As of yesterday, our I Know What You Did Last Shandy beer is on tap in the tasting room. The 5% brew is last year’s Pumpkin, Pumpkin Shandy reincarnated. And while it doesn’t have any actual pumpkin in it — because the gourd itself is pretty flavorless — it has the taste of pumpkin pie thanks to cinnamon, cloves and brown sugar.
Ah, pumpkin. The most divisive flavoring of the craft beer world.
In one corner, we’ve got liquid pumpkin haters, who see the style as silly and superficial. We’re talking about folks like Orr Stuhul, who wrote in an article for the Washington City Paper:
“This is the one time of year when ordinary, appreciative beer drinkers devolve into squealing Starbucks fanatics, leaping at the opportunity to try the latest approximation of some misguided confectionery fantasy. How did cinnamon and nutmeg become such an invasive species of flavor? You’ve already taken our cakes, our lattes, our sweet potatoes. For God’s sake! Spare us our beer!”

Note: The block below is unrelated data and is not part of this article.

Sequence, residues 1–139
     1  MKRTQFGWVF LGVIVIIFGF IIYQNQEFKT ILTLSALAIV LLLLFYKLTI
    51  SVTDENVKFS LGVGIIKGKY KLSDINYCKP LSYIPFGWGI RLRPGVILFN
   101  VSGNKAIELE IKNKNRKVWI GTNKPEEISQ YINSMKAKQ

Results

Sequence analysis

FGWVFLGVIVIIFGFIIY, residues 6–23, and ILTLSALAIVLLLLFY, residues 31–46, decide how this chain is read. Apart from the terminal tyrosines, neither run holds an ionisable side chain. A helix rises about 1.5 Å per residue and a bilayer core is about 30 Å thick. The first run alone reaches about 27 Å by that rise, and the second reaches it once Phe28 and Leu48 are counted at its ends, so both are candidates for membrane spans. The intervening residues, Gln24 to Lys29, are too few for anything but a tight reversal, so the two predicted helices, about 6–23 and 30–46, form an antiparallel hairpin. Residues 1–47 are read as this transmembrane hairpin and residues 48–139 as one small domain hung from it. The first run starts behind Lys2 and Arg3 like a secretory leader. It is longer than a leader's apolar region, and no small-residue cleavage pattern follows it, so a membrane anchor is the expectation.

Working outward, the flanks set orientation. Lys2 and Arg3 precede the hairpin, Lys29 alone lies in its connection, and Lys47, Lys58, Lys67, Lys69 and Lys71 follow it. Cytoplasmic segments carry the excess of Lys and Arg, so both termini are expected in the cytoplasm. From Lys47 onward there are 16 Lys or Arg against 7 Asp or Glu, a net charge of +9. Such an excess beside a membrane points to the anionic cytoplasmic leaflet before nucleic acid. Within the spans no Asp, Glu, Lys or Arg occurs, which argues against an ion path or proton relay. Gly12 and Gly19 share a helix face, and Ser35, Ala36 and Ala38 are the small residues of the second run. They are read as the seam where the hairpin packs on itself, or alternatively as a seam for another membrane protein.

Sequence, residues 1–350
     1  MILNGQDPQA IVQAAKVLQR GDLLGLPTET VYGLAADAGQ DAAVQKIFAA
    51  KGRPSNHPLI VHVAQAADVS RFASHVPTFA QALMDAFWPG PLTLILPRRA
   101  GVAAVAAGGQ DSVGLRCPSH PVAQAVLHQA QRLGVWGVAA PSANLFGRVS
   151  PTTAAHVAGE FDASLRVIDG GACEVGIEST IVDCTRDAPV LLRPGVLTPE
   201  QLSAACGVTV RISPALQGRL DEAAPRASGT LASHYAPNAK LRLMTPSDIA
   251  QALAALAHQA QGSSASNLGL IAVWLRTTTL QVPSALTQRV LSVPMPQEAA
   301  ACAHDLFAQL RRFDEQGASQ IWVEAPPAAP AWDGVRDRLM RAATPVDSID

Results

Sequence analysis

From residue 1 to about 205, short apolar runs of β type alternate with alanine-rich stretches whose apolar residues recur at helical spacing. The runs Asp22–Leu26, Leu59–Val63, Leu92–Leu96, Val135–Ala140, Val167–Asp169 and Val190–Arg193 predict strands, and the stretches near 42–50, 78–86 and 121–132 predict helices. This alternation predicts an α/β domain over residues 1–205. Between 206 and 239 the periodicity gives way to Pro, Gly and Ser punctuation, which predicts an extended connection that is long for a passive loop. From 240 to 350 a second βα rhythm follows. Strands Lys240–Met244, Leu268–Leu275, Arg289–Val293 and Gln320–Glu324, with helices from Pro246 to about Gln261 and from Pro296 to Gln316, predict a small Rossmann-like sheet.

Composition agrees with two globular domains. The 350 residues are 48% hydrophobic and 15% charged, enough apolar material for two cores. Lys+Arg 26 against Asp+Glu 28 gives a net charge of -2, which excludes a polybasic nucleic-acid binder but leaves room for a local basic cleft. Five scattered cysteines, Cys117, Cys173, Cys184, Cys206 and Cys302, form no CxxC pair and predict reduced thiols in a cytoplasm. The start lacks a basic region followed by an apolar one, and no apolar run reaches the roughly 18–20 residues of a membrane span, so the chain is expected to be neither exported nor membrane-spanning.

In the other corner, we’ve got the pro-pumpkin peeps. They see nothing wrong with tapping into the spices of the season, as long as it’s done right. We’re talking about folks like Don Russell, who wrote in a recent Philly.com article:
“People who say they hate pumpkin beer remind me of people who say they never watch TV, as if they’re too good for something so unsophisticated. They stick up their noses and piss all over the spicy brew because it’s a gimmick, because it’s crass, because they’re oh-so-busy rereading War and Peace.”
Regardless of which you are — vehement derider of all things liquid pumpkin, or fanatical pumpkin brew groupie — you cannot deny the numbers. According to Bart Watson, chief economist for the Brewers Association, the release of pumpkin beers in 2013 meant that seasonal beer sales overtook IPA sales — always the front-runner — by 300,000 cases. We have no reason to believe the same won’t be true for 2015.
Until next time, happy fall.